Even More News

Grail in Iceland?

Researchers in Iceland believe they know where to find the Holy Grail. Not surprisingly that would be Iceland. Ac­cording to the on-line news source Iceland Review, Architect Thórarinn Thórarinsson believes he has the evidence to back up his claim.

As the story goes, the Knights Templar came to Iceland in 1217 looking for a hiding place for their legendary treasure, and that Snorri Sturluson, the author of Prose Edda and other mediaeval scripts, helped them create an un­derground dome in Iceland’s central highlands, in which their trove was hidden. Among the clues cited by Thórarinsson and his colleagues is a consistency between Leonardo Da Vinci’s painting of the Last Supper and an aer­ial photo of the area. The researchers also believe that they have found clues in poems by Dante and in the work of renaissance painters other than Da Vinci.

Currently, attention is focused on an area by Skipholtskrókar near the Kjölur mountain pass where the treasure hunters think they will find a five-meter diameter underground dome. Thórarinsson has written a letter to the local authorities in Hrunamannahreppur, requesting permission for himself and Italian cryptographer Giancarlo Gianazza to search in the region.

DARWINISTS GET RELIGION

February 12 was the 199th anniversary of Charles Darwin’s birth and did not pass without renewed efforts by his fol­lowers to reinforce his standing as a virtual saint. Ironically those efforts seem aimed mostly at enlisting support from religion, the putative enemy of Darwinism, at a time when new alternative notions proposing that life originat­ed in intelligent design rather than natural selection seem to be gaining steam.

According to John West, a writer with the Seattle-based Discovery Institute which promotes the intelligent design theory, leading defenders of Darwin’s theories are trying to insert religion into biology classes “on the sly.” Top Dar­winists are now campaigning, he says, to incorporate religion explicitly into classroom lessons on evolution.

Eugenie Scott, head of the pro-evolution National Center for Science Education, recommends having biology stu­dents read statements endorsing evolution by theologians. She further suggests assigning the students to interview ministers about their views on evolution—but not if the community is “conservative Christian,” because then the in­tended lesson that “Evolution is OK!” might be undermined.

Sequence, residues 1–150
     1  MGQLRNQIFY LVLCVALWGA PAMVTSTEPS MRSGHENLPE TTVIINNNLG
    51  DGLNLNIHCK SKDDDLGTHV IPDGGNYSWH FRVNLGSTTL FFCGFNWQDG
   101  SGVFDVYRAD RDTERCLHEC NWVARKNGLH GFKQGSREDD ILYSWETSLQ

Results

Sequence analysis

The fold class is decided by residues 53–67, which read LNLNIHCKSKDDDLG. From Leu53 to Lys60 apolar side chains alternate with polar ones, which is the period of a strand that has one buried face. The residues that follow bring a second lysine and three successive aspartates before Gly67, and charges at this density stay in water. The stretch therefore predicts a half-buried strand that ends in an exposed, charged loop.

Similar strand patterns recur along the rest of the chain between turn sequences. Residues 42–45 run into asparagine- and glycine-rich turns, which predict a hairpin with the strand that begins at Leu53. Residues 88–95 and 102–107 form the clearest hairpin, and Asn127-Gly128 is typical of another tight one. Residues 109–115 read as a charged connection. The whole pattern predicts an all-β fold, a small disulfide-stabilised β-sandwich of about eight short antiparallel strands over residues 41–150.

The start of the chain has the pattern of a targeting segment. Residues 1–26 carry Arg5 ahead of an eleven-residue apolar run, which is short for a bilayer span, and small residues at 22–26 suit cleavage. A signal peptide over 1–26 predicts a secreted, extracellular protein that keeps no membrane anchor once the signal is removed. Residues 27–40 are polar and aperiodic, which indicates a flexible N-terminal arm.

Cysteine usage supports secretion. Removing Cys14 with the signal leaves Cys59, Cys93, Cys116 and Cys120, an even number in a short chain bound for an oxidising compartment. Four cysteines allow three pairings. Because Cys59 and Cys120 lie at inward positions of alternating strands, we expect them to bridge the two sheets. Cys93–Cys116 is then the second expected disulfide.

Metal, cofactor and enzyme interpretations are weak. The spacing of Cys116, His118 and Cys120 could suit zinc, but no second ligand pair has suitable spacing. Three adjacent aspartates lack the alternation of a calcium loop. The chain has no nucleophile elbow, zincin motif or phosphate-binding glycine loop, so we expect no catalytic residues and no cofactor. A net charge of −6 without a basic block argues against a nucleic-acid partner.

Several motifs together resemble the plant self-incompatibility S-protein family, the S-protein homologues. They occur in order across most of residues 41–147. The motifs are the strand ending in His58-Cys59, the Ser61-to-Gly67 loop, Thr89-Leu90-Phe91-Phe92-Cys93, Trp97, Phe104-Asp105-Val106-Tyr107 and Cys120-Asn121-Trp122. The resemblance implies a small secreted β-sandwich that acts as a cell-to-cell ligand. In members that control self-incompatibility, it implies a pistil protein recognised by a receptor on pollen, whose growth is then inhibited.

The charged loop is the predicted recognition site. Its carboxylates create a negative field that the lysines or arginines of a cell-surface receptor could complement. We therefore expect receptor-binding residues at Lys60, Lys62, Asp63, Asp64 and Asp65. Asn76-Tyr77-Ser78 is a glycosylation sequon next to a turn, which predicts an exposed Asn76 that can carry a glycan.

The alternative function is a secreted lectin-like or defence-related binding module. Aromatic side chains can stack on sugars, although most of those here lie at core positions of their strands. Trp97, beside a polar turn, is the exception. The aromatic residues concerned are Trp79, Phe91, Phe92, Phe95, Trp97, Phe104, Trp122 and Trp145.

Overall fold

According to biologist Kenneth Miller, science teachers around the nation are already using his book Finding Dar­win’s God: A Scientist’s Search for Common Ground Between God and Evolution to convince students that evolution and religious faith are compatible. Ironically, Miller served as an expert witness in the Dover, Pennsylvania intelligent design trial, testifying on behalf of those who wanted intelligent design banished from schools because they thought it was religion in disguise. But Miller apparently has no problem with the overt use of religion in the classroom to en­dorse evolution.

West questions whether such a campaign at taxpayer expense can be justified, given the outraged claims made by Darwinists that religion has no role in science education. If nothing else, though, the campaign serves to undermine the notion that—as we point out in the introduction to our new book Forbidden Science—Darwinism is something distinct from religion, when, in fact, it is a religion. Its adherents are in actuality staking out a metaphysical posi­tion—i.e., life originated through random processes alone with no intelligence involved—and holding to it by faith without proof (their dogma) and “are advancing a virtual religion of their own, albeit while claiming to reject the au­thority of any religion. The cult of Darwinism, it seems to us, has usurped the role of the priesthood which it has os­tensibly overthrown, suggesting that it and only it can provide the answers the world is seeking. And, all the while, feigning an air of injured innocence when its integrity is questioned and its authority challenged.”

Ark Artifact from Ararat

According to the Qatari newspaper The Peninsula, a team of archaeologists, mountaineers, and geologists claim they have excavated an actual artifact from the original Noah’s ark. In January a Turkish-Hong Kong exploration team re­turned from an expedition to Mount Ararat in the region bordering Iran and Armenia with what they say is material evidence which proves the ark once rested on the spot.

The evidence is a one-meter-long piece of petrified wood found at an altitude of 4,500 meters, about 600 meters below the summit of the volcanic mountain. Unlike previously foiled expeditions, members of the Hong Kong-based Noah’s Ark ministries claim the find was made in the interior of an unusual cave where a section 11.5 meters by 2.6 meters of wooden texture was found following the removal of volcanic ash from the wall.

Disputing claims by some that the wood could have come from a naturally occurring tree in the area, Professor Oktay Belli, director, Eurasian Archaeology Institute, University of Istanbul, said researchers have proven that, be­cause of the dryness and coldness of the climate, there has been no vegetation on Mount Ararat since 2000 B.C. The group has invited further scientific analysis of their find.

The book of Genesis says that after Noah’s flood the ark came to rest on Mount Ararat. Located in the Far Eastern Turkey, the mountain has been the scene of many purported ark sightings. The observation of vessel-shaped features in aerial photographs caused a stir in the late 1950s.

Leave a Reply

Your email address will not be published. Required fields are marked *

*